Tuesday, September 9, 2014

NFL, Ravens chose wrong side of domestic violence

There are some individuals which businesses should not back and the perpetrator of domestic violence is one of them. Never take the side of the abuser. The National Football League and the Baltimore Ravens are finding that out the hard way.

After a virtual slap on the wrist by the NFL, a tiny two-game suspension and loss of a third week of pay, the Ravens simply followed along and were set to allow Ray Rice to play this season beginning in Week 3.

However, new evidence in the form of a videotape surfaced Monday of Rice actually carrying through with the violent abuse of his then finance, Janay Palmer-Rice. Rice, not once but twice punched Palmer-Rice in the face. As she fell, she hit her face on the hand rail inside the elevator crumbled to the ground. Not once did Rice show an ounce of remorse.

The NFL had made their decision based on knowledge of an initial recording which showed Rice carrying an unconscious Palmer-Rice out of the elevator. The NFL and the Ravens both suggest they were not privy to this new tape until Monday. Seriously?

A videotape from a hotel should have been pretty easy to get, and now the NFL and Ravens look even worse than they already did in my eyes.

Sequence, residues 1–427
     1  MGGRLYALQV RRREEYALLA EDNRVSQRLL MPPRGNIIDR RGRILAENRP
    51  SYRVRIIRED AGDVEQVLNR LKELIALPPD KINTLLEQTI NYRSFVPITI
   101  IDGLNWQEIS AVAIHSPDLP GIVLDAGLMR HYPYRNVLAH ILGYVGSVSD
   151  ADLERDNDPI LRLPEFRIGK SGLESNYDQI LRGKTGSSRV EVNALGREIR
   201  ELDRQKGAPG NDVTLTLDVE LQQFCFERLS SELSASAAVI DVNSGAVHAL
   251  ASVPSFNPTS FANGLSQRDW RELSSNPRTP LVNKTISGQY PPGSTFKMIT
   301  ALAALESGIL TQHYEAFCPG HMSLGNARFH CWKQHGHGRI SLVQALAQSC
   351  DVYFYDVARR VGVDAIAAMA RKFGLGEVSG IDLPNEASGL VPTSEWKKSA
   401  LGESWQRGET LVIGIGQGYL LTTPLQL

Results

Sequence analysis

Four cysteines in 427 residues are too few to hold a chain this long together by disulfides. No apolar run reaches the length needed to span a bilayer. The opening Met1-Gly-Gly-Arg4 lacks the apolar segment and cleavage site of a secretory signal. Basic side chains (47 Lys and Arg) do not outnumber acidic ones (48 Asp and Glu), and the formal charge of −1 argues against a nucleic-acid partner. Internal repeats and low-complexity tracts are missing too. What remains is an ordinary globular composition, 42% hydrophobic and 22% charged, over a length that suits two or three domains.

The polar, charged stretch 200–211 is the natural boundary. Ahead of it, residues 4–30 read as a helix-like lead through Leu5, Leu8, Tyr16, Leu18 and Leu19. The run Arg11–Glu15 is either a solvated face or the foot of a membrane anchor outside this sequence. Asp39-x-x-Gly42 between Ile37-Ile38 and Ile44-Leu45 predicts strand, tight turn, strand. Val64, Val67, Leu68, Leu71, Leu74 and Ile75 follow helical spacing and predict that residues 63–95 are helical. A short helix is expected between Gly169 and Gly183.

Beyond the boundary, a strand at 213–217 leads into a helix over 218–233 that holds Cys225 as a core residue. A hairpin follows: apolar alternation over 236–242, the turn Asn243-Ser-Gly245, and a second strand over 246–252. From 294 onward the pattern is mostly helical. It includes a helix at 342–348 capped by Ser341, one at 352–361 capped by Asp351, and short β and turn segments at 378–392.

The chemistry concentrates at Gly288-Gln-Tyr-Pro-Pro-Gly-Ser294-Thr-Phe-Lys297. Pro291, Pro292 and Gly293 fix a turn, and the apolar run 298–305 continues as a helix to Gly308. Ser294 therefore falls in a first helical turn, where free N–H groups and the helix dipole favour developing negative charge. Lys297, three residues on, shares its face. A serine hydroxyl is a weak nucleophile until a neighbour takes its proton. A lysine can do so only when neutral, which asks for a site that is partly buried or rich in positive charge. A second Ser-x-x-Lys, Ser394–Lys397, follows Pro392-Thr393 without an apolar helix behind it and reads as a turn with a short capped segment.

After the new evidence was leaked by TMZ, the Ravens jumped on the opportunity to release Rice and the NFL suspended him indefinitely. The Ravens should have done this from the beginning and the NFL should have presented a much tougher penalty from the outset.

Domestic violence is nothing to push to the side and certainly any individual or business should never place blame on the victim. The Ravens and the NFL did this and now look the fools as they realize the man they gave the benefit of the doubt to is an absolute animal.

And while I'm at it, to all of those morons who suggest that Palmer-Rice was provoking him; get a grip on reality and see a shrink! This is all on Ray Rice, the NFL and the Baltimore Ravens.

Christopher Carelli is a freelance sports writer/editor and the Director of Content Strategy for Sportsideo.